Users purchased the videos by using points that they earned in a number of ways: by uploading child abuse videos, referring new customers, paying 0.03 Bitcoin (worth approximately US $352.59 as of the time the market was seized) for a six-month “VIP” account that gave them unlimited downloads, and/or by purchasing points incrementally.
IRS-CI Chief Don Fort said in the DOJ’s news release that it was “sophisticated tracing” of transactions between the site and those customer accounts that enabled agents to crack the criminal ring:
Through the sophisticated tracing of bitcoin transactions, IRS-CI special agents were able to determine the location of the Darknet server, identify the administrator of the website and ultimately track down the website server’s physical location in South Korea.
Fort said that it doesn’t matter whether illicit proceeds are virtual or tangible: police can and will track down “these disgusting organizations” and bring them to justice, he said.
Stripping cryptocurrency’s privacy protections
As we’ve previously explained, cryptocurrencies such as Bitcoin and even Monero, which was designed for privacy, rely on blockchains: cryptographically protected, decentralized transaction ledgers.
The robustness of those blockchains relies, in part, on transparency: there are thousands of copies of both the Bitcoin and Monero blockchains in existence, and every copy carefully details every single transaction ever made in that currency.
Changing the history enshrined in those blockchains is effectively impossible. If you’ve ever spent a bitcoin or a monero, then the proof that it happened is etched indelibly into that currency’s blockchain, forever.
Bitcoin users are pseudonymous – their activity is public but their real name is hidden – protected by one or more wallet IDs.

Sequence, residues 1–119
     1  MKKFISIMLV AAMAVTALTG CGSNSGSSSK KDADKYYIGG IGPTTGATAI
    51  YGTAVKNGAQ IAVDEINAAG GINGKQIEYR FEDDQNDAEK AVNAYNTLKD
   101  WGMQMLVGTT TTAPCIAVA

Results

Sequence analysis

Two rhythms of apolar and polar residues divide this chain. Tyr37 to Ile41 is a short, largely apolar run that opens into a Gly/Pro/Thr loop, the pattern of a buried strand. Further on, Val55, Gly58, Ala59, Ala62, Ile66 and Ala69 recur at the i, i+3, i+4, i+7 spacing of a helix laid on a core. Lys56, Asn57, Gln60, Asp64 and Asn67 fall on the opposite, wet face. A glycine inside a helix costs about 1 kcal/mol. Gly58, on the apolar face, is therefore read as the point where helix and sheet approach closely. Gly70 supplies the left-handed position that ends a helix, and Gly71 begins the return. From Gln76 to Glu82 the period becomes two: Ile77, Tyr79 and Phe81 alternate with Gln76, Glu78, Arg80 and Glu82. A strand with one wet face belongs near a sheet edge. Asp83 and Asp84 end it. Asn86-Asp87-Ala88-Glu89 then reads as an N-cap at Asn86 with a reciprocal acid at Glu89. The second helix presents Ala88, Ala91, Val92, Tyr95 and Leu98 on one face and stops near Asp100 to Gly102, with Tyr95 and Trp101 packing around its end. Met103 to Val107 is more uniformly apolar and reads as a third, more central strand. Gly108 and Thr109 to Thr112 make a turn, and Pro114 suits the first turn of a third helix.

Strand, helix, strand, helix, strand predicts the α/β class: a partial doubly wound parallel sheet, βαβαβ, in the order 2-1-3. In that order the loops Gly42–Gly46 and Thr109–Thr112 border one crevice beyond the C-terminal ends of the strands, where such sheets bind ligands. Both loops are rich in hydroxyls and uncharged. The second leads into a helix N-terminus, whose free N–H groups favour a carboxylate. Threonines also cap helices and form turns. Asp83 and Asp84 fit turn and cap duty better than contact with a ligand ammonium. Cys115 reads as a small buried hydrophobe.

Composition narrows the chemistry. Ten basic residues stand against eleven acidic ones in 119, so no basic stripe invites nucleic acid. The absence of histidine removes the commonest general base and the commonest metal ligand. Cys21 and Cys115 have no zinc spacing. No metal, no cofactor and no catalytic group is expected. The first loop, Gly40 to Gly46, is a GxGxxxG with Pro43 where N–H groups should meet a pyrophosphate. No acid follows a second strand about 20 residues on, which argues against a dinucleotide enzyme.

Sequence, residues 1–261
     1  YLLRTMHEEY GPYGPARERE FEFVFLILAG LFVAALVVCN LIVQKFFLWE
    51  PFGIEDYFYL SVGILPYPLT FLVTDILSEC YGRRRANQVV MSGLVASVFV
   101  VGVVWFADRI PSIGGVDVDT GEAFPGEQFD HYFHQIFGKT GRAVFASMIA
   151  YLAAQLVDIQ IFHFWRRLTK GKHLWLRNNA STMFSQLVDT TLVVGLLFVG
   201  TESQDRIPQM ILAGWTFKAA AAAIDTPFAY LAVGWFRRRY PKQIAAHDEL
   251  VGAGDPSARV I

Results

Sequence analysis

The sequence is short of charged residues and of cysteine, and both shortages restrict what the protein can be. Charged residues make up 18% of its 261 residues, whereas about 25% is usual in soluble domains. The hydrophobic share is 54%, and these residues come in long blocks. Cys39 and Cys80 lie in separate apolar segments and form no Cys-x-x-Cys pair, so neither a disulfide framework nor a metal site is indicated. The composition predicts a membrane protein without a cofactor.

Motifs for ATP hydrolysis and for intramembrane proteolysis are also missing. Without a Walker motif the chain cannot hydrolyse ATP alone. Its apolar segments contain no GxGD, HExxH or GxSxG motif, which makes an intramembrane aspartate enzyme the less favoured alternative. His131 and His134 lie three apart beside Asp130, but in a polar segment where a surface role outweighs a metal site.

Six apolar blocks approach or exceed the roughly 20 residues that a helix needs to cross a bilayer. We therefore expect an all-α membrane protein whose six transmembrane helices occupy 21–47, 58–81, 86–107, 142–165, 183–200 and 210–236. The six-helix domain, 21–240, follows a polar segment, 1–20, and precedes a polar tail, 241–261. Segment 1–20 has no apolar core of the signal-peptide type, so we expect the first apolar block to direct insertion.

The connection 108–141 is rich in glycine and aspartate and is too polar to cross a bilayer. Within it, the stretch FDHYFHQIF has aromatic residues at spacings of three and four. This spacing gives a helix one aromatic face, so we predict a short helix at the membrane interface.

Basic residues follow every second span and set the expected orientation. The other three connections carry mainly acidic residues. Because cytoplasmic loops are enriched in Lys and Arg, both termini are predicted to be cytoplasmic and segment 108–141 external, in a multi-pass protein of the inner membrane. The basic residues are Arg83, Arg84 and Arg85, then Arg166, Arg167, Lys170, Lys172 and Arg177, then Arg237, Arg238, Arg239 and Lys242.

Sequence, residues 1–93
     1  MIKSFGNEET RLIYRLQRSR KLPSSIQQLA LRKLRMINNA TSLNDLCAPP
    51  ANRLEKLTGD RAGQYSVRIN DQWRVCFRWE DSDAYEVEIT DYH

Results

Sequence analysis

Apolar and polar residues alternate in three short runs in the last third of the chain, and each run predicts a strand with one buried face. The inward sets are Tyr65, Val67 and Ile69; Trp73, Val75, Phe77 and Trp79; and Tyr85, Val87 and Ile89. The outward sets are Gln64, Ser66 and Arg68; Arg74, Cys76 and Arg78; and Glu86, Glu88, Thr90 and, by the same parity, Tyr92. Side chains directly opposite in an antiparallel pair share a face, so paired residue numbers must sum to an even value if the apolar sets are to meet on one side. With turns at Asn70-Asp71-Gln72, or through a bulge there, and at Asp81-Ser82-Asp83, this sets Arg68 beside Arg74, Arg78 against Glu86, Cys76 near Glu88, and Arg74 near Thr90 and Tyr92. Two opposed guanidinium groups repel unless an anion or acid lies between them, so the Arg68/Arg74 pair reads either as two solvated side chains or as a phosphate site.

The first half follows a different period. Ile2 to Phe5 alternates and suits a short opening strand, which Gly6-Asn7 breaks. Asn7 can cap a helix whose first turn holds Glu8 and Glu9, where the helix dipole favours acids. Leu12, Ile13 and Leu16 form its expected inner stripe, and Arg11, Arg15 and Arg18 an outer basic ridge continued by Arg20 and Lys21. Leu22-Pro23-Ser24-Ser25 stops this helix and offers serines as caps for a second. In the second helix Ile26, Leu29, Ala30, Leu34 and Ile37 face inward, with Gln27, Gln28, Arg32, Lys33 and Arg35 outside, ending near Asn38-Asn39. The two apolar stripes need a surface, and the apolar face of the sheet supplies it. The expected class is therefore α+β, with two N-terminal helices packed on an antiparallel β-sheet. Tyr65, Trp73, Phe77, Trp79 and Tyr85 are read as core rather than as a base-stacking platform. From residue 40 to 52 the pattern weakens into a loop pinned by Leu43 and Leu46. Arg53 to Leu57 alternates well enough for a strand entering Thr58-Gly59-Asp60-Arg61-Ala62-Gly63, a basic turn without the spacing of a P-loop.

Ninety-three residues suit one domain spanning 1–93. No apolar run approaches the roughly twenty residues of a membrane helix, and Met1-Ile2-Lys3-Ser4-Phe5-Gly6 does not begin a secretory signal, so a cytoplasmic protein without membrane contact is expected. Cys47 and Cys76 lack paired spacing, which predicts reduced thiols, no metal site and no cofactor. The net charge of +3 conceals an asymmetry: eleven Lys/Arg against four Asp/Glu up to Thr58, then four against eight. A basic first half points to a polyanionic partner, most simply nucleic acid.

Bitcoin users can be exposed if any one of a wallet’s transactions can be linked to a real identity.
In the case of Welcome To Video, there were a number of links to Son’s real identity. One such link was multiple instances of unconcealed IP addresses that showed that Son was running the server out of his own home. He also used his name, his cell phone number and his email account at a Bitcoin exchange account.
The charges against Welcome To Video’s admin
Besides the charges that led to his conviction in South Korea, Jong Woo Son was indicted on Wednesday in the US on nine charges relating to money laundering and to producing, advertising and distributing child abuse imagery.
HSI Acting Executive Associate Director Alysa Erichs, calling the crimes “unthinkable”, said that technology has enabled them to stay tucked away. However, the criminals who do this can and will be tracked down, she said:
Sadly, advances in technology have enabled child predators to hide behind the dark web and cryptocurrency to further their criminal activity. However, today’s indictment sends a strong message to criminals that no matter how sophisticated the technology or how widespread the network, child exploitation will not be tolerated in the United States. Our entire justice system will stop at nothing to prevent these heinous crimes, safeguard our children, and bring justice to all.